Is Moderation An Effective Way To Treat Alcoholism?
When you want to have a healthier relationship with alcohol without having to abstain altogether, moderation treatment might be your ticket to success.
Abstaining from alcohol altogether isn’t usually a viable option for those looking to decrease their alcohol intake. Aside from those who may be in denial about their consumption, some people simply don’t want to give it up entirely.
The term “alcoholism” has recently been reconceptualized by the DSM into the new and improved “Alcohol Use Disorder”. Though the new conceptualization may just seem like semantics, at least it acknowledges what doctors and addiction specialists have understood for years, that alcoholism happens on a continuum with varying degrees of seriousness; mild, moderate, and severe.
What are the differences between these varying degrees? How might their differences impact their receptiveness to varying treatments? By looking at everything from health to depression, anxiety, emotional well-being, family issues, and employment status, one can determine who moderation will work best for.
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What Does the Research Conclude About Moderation?
Compared to those receiving abstinence-only treatment, moderation treatment clients improve more when it comes to positive emotions and psychiatric well-being.
Bottom line, moderation treatment reduces alcohol consumption which benefits everyone. With the decrease in consumption, clients’ depressive and anxious thoughts also decrease, thus giving them a self-reported higher quality of life.
According to research by Jaffe, Molnar, Gabbert, Tornquist & Todd in 2015, when clients were monitored by a mobile breathalyzer, their average Maximum BrAC (Breath Alcohol Content) was below the legal driving limit and their average BrAC for each reading was less than .002 (with only about 1.5% of tests coming back positive.)
What does that mean exactly?
Moderation clients reported feeling “more good” when reflecting on their emotional well-being, from the beginning to the end of treatment. Abstinence clients, however, just reported feeling “less bad”. The difference may not seem significant, but in fact, it is. Most clients drink to diminish negative feelings, not because they are genetically predisposed to alcohol. Therefore, positive emotions become imperative in the alcohol reduction process. If a client maintains positive emotions, they’ll be less likely to fall back into their heavier drinking habits. In other words, if they feel good, they won’t feel the urge to drink themselves to happiness.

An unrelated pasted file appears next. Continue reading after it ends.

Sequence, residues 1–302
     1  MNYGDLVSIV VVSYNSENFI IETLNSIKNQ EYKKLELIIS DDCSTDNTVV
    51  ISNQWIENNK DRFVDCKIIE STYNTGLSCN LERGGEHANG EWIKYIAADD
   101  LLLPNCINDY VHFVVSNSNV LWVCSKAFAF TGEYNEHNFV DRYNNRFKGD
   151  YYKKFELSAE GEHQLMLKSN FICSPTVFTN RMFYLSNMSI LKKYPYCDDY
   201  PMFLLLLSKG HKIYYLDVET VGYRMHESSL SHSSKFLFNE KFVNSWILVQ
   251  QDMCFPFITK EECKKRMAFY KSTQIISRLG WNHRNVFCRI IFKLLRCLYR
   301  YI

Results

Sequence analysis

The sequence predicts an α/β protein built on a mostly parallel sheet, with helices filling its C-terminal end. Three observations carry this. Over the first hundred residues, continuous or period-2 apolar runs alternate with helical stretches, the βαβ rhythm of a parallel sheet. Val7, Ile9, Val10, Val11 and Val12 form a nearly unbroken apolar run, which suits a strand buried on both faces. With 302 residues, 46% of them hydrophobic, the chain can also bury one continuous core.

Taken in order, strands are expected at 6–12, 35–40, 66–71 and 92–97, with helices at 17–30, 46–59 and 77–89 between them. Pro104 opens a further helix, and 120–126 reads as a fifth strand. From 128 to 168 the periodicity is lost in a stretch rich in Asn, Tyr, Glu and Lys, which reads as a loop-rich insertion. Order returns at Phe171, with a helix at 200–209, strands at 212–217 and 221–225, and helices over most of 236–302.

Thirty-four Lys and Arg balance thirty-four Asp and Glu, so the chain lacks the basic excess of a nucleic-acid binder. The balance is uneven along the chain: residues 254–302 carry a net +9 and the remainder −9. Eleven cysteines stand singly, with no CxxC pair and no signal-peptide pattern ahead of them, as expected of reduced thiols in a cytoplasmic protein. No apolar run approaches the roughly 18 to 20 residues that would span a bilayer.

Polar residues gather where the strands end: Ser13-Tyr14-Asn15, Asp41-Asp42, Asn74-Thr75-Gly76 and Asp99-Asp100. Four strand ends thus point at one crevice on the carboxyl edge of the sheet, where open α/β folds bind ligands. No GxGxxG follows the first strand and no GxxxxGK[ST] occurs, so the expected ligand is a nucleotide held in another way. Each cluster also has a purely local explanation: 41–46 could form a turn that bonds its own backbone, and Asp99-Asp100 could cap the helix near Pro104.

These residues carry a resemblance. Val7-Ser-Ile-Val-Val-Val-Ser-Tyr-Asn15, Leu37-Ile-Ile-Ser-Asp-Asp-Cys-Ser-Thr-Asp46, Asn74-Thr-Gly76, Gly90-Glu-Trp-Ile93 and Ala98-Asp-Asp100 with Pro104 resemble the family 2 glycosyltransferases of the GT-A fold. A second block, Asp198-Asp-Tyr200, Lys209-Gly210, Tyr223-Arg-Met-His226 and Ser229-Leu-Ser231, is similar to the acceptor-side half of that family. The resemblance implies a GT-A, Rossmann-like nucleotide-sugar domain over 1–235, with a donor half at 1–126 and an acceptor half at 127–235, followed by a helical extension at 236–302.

Does moderation really help those struggling with addiction?
Those who struggle with alcohol abuse no longer just have two options; become abstinent or stay an alcoholic. While abstinence-only programs may work for some, it’s not a one size fits all solution. It’s important to iterate that those who seek moderation often reach similar if not better results than the abstinence seekers. Bottom line, yes moderation treatment works.
The addiction treatment field needs to accept moderation as a viable option for those seeking to cut back on their consumption. If you are struggling with addiction and feel that abstinence isn’t the right solution, continue your search until you seek the treatment that is right for you, such as moderation. With the aid of medications like naltrexone, you can experience significant improvements in your relationship with alcohol even if you don’t achieve total abstinence.
As long as abstinence remains the be-all-end-all solution to alcohol abuse, millions of people will resist seeking the help they need. If more people learn about moderation treatment, and it helps one person make the step towards recovery, however, then we can all agree that it’s worth challenging the status quo.